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Fort Larned National Historic Site in Pawnee County, Kansas — The American Midwest (Upper Plains)
The Great Wagon Road to the Southwest
Santa Fe Trail 1821-1880
 
The Great Wagon Road to the Southwest Marker Photo, Click for full size
By William Fischer, Jr., September 19, 2010
1. The Great Wagon Road to the Southwest Marker
 
Inscription.
It all started over trade that promised great profits. Once Mexico won independence from Spain in 1821 Americans were welcomed and encouraged to trade. Trade quickly flourished, creating opportunities and profits linking the economies of Missouri and Mexico.

The Santa Fe Trade developed into a complex web of international business, bringing together a cultural mosaic of individuals who cooperated - and at times clashed. Caught in the middle was the rich culture of the Plains Indian people.

The obstacles teamsters faced were 781 miles of semi-arid prairies, storms, flooded rivers, wildfires, dust, plaques of gnats and mosquitoes, mud, Comanches, Kiowas, Cheyennes, Arapahos, and Apaches. Freight wagons could make the trip one-way - with luck - in eight weeks.

For 60 years the Santa Fe Trail was one of the most important overland trade routes in the world.

The United States Army depended on freight shipments from the East to supply posts throughout the Southwest. Following the Mexican-American War (1846-1848) most of the American freight was military. Mexican freighters bound east dominated the civilian trade.

Fort Larned sits 20 days' travel west of the Missouri River steamboat landings. Troops here helped guard the tens of millions of dollars of Santa Fe Trail traffic that crossed the Great
 
The Great Wagon Road to the Southwest Marker Photo, Click for full size
By William Fischer, Jr., September 19, 2010
2. The Great Wagon Road to the Southwest Marker
Inside the kiosk
 
Plains each year.

The whole distance from the settlements on Missouri to the Mountains in the neighborhood of Santa Fe is a prairie country, with no obstruction to the route...A good wagon road can...be traced out [with] a sufficient supply of fuel and water...at all seasons, except in winter.
Alphonse Wetmore, Missouri gazetteer, 1824
 
Erected by National Park Service.
 
Marker series. This marker is included in the Santa Fe Trail marker series.
 
Location. 38° 11.113′ N, 99° 13.14′ W. Marker is in Fort Larned National Historic Site, Kansas, in Pawnee County. Click for map. Marker is at the parking lot kiosk, off Kansas Highway 156. Marker is at or near this postal address: 1767 Kansas Highway 156, Larned KS 67550, United States of America.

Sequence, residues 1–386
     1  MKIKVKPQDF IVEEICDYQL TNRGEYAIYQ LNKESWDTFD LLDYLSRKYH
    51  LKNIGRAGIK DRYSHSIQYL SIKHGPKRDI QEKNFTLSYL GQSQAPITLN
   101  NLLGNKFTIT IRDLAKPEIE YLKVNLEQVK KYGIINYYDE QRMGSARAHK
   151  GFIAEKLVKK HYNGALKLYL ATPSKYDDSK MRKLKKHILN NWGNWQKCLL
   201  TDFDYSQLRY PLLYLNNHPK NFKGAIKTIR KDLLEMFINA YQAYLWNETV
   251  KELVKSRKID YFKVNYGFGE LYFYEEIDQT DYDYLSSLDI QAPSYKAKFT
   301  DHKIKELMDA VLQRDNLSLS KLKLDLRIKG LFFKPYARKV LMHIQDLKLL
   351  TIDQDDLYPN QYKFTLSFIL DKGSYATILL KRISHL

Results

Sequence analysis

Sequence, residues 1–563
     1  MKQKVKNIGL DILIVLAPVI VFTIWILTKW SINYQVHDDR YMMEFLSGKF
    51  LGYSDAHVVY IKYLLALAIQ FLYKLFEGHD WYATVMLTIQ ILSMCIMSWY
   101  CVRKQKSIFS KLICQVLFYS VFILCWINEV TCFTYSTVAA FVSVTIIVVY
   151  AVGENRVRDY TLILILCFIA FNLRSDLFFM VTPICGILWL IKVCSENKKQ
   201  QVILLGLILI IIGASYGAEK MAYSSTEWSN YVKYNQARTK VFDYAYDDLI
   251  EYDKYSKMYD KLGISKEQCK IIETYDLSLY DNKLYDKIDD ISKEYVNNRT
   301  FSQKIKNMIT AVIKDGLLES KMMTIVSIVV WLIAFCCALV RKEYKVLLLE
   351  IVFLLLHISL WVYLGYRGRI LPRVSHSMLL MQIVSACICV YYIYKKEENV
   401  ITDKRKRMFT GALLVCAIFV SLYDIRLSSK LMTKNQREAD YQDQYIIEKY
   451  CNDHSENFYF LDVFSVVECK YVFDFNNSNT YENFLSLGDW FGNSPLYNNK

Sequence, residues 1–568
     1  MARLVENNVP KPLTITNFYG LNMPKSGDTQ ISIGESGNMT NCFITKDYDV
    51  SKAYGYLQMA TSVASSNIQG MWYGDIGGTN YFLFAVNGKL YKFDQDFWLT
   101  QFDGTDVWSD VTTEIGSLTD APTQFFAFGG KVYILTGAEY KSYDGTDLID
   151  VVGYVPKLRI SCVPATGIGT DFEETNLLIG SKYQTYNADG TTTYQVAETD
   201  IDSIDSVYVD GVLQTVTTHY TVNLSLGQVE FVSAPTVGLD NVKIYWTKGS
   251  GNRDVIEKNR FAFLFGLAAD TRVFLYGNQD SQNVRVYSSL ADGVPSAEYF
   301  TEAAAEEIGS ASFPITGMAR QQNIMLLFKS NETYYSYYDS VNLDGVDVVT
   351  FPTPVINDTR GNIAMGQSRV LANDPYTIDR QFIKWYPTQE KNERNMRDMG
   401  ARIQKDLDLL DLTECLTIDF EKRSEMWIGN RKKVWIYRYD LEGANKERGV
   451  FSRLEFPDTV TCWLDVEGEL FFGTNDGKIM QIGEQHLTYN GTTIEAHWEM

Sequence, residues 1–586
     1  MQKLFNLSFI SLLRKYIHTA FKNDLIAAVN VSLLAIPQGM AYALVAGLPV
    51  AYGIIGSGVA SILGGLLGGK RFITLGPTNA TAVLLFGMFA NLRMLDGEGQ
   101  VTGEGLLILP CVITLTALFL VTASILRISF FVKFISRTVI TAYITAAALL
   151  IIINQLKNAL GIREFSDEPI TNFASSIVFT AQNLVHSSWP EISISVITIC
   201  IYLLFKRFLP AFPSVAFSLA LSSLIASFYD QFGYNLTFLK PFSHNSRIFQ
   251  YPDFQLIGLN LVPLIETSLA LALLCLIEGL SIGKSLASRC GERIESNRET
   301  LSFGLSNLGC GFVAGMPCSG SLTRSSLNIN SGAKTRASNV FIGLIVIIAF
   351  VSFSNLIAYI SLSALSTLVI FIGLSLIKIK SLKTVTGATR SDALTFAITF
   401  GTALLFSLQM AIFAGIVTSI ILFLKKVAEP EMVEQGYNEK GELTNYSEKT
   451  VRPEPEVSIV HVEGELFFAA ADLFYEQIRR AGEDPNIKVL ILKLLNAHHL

Other nearby markers. At least 8 other markers are within 7 miles of this marker, measured as the crow flies. A Soldier Town (here, next to this marker); Doesn't Every Fort Have a Wall? (a few steps from this marker); Well, Adobe Hospital and Hospital Steward's Quarters (about 600 feet away, measured in a direct line); Soldiers Who Died At Fort Larned (about 700 feet away); Third Infantry Honored Dead (approx. 0.2 miles away); Birthplace of Farm Credit (approx. 5.8 miles away); Site of Original Cash Store (approx. 6.5 miles away); Site of the Larned House (approx. 6.6 miles away). Click for a list of all markers in Fort Larned National Historic Site.
 
Fort Larned Entrance Sign Photo, Click for full size
By William Fischer, Jr., September 19, 2010
3. Fort Larned Entrance Sign
 

 
Also see . . .
1. Santa Fe National Historic Trail. (Submitted on February 6, 2011, by William Fischer, Jr. of Fort Scott, Kansas.)
2. Santa Fe Trail Association. (Submitted on February 6, 2011, by William Fischer, Jr. of Fort Scott, Kansas.)
3. The Interactive Santa Fe Trail. (Submitted on February 6, 2011, by William Fischer, Jr. of Fort Scott, Kansas.)
4. Fort Larned National Historic Site. (Submitted on February 6, 2011, by William Fischer, Jr. of Fort Scott, Kansas.)
 
The Great Wagon Road Map on Marker Photo, Click for full size
By William Fischer, Jr., September 19, 2010
4. The Great Wagon Road Map on Marker
 
 
The Great Wagon Road Map on Marker Photo, Click for full size
By William Fischer, Jr., September 19, 2010
5. The Great Wagon Road Map on Marker
 
Credits. This page originally submitted on February 6, 2011, by William Fischer, Jr. of Fort Scott, Kansas. This page has been viewed 803 times since then. Photos:   1, 2, 3, 4, 5. submitted on February 6, 2011, by William Fischer, Jr. of Fort Scott, Kansas.
 
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